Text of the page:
Nutrition Counts: High-Fiber Foods May Prevent Breast Cancer
It’s hard to discount the importance of nutrition when researchers from Harvard H.T. Chan School of Public Health suggest that eating fruits and veggies at a young age may be a way for women to prevent breast cancer.
A new large-scale study suggests that women who eat more high-fiber foods during adolescence and young adulthood have a “significantly lower breast cancer risk” than those who eat less dietary fiber.
How much lower? Researchers say the breast cancer risk was 12 to 19 percent lower among women who ate more dietary fiber in early adulthood, depending on how much they ate. And, eating a high amount of fiber during adolescence was also associated with a 16 percent lower risk of overall breast cancer and a 24 percent lower risk of breast cancer before menopause, according to a news release from Harvard School of Public Health. The study was published in the peer-reviewed journal Pediatrics.
“From many other studies we know that breast tissue is particularly influenced by carcinogens and anticarcinogens during childhood and adolescence,” said Walter Willett, Fredrick John Stare Professor of Epidemiology and Nutrition at Harvard Chan School and senior author of the study. “We now have evidence that what we feed our children during this period of life is also an important factor in future cancer risk.”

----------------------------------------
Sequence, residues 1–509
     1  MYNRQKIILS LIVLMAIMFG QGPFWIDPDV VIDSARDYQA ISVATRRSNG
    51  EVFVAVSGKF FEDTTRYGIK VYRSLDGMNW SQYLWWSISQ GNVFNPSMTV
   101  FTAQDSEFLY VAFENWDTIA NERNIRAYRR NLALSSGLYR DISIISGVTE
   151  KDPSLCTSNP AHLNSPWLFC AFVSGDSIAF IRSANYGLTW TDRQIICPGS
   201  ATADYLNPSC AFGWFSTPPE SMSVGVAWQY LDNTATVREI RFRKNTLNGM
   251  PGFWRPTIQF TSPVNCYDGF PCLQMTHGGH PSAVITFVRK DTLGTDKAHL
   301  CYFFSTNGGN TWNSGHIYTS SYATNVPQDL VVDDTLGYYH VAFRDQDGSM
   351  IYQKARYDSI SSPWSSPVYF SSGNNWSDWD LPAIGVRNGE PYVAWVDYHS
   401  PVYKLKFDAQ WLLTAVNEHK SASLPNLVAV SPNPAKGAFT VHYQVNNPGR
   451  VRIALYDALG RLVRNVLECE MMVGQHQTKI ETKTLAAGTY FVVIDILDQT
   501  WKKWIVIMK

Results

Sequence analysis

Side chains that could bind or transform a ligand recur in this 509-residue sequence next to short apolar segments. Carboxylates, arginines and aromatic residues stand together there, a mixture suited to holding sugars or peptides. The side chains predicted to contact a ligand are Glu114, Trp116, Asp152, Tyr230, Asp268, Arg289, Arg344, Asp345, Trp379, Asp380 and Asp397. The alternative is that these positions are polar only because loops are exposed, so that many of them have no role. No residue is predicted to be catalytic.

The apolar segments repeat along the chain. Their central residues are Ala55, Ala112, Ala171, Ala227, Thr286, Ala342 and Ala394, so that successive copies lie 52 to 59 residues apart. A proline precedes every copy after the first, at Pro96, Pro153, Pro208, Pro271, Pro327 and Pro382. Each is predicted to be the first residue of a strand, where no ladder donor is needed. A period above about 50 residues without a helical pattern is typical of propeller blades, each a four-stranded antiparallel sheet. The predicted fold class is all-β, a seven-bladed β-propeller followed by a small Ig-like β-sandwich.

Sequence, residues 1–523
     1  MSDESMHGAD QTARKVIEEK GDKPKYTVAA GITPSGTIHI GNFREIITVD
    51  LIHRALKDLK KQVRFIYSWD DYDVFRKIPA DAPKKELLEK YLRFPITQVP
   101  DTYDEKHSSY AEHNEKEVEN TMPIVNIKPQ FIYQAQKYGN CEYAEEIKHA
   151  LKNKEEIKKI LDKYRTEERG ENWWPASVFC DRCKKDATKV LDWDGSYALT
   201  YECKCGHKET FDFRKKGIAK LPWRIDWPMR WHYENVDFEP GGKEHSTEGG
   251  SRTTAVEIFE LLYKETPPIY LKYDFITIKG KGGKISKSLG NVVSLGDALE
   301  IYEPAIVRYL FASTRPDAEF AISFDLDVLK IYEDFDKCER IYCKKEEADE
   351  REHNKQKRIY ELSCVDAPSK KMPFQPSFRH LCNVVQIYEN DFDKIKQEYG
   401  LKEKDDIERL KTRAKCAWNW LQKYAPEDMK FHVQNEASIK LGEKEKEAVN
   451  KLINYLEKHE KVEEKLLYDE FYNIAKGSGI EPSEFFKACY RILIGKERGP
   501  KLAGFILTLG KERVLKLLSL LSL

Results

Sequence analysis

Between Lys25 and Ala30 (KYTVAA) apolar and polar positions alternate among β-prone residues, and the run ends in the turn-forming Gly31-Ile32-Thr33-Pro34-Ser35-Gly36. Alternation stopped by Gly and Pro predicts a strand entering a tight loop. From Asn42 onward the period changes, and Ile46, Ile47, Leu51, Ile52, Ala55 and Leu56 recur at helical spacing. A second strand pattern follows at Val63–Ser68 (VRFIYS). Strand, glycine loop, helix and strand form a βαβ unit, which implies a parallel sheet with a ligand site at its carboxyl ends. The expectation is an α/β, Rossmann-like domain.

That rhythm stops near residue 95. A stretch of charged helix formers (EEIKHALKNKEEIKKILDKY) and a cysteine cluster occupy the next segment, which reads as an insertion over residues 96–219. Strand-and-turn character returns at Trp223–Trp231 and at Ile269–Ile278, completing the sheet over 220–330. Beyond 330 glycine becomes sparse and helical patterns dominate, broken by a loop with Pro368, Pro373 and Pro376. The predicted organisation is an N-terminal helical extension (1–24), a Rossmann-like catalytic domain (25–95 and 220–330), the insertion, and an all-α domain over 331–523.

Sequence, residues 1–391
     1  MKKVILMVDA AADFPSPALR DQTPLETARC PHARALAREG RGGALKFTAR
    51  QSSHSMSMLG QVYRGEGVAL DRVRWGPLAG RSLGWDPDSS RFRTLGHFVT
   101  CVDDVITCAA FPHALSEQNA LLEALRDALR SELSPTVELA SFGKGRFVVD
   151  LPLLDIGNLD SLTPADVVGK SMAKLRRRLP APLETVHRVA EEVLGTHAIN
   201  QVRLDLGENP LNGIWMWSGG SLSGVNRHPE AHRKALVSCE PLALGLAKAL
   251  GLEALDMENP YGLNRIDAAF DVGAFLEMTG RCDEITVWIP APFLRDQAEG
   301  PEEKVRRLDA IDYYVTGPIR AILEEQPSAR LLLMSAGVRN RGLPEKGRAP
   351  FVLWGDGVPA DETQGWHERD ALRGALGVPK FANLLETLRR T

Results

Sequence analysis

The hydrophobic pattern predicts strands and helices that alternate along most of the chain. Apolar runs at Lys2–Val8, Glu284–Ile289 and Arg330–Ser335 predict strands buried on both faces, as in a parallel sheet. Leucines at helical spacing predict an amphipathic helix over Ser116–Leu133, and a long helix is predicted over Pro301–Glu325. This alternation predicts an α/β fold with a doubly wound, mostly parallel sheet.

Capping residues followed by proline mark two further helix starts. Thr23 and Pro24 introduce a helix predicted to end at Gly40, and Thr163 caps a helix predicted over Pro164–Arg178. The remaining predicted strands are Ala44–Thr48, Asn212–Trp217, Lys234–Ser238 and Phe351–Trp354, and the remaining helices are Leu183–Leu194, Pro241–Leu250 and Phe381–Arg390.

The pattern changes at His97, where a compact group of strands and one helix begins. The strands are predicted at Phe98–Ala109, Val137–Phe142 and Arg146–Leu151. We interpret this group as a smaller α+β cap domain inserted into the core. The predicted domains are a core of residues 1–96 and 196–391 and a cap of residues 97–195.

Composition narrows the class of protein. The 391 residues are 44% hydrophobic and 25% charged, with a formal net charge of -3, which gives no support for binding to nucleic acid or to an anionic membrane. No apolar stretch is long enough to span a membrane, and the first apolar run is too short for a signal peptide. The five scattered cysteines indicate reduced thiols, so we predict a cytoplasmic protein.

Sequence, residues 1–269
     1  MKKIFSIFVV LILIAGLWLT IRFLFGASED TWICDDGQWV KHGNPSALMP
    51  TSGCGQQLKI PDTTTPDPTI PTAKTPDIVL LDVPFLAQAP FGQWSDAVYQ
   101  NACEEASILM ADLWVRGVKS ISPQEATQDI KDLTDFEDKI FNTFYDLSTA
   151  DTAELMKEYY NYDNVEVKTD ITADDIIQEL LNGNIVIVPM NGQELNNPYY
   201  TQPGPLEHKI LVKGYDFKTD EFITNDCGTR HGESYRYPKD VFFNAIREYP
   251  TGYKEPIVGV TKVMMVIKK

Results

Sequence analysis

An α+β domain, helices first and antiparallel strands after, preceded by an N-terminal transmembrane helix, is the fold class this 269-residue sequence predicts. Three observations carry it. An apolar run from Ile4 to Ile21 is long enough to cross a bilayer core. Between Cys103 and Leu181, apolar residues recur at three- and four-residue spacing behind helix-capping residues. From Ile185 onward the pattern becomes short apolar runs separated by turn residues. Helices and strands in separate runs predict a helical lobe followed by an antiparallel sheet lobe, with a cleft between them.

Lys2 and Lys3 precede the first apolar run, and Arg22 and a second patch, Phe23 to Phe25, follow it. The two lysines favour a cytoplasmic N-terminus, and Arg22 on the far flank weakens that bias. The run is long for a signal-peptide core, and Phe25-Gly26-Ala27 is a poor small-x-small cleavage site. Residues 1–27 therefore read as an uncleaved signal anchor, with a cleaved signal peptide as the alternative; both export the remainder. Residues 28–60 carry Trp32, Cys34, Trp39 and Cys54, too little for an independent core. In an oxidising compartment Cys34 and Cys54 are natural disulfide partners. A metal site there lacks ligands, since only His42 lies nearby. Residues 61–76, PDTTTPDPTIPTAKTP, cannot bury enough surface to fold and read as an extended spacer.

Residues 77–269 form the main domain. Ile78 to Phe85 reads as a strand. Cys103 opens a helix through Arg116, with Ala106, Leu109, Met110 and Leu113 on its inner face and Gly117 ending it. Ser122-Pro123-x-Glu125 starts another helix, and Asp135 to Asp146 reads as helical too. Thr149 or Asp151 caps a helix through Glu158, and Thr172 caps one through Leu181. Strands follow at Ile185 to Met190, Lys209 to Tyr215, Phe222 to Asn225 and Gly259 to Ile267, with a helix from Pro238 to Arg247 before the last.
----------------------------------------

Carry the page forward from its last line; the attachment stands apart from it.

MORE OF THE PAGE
Heart disease may be the leading cause of death for women but breast cancer remains one of their top health concerns – for good reason. It is the second leading cause of cancer death among women overall, according to the U.S. Centers for Disease Control and Prevention. Among Hispanic women, it is the leading cause of cancer death.
With roughly 200,000 new cases of breast cancer diagnosed each year in the United States, federal health officials are constantly gathering data and research to help women lower their risk.
Understanding the role of nutrition can be a smart strategy for anyone trying to meet their nutritional needs.
So how much fruit and how many vegetables should parents feed their daughters?
“For each additional 10 grams of fiber intake daily—for example, about one apple and two slices of whole wheat bread, or about half a cup each of cooked kidney beans and cooked cauliflower or squash—during early adulthood, breast cancer risk dropped by 13 percent,” the news release states. “The greatest apparent benefit came from fruit and vegetable fiber.”
The authors speculated that by eating more fiber-rich foods, women were able to reduce high estrogen levels in the blood, which are strongly linked with breast cancer development.
“Previous studies of fiber intake and breast cancer have almost all been non-significant, and none of them examined diet during adolescence or early adulthood, a period when breast cancer risk factors appear to be particularly important,” said Maryam Farvid, visiting scientist at Harvard Chan School and lead author of the study. “This work on the role of nutrition in early life and breast cancer incidence suggests one of the very few potentially modifiable risk factors for premenopausal breast cancer.”
Sources: Harvard Chan School of Public Health news release, CDC
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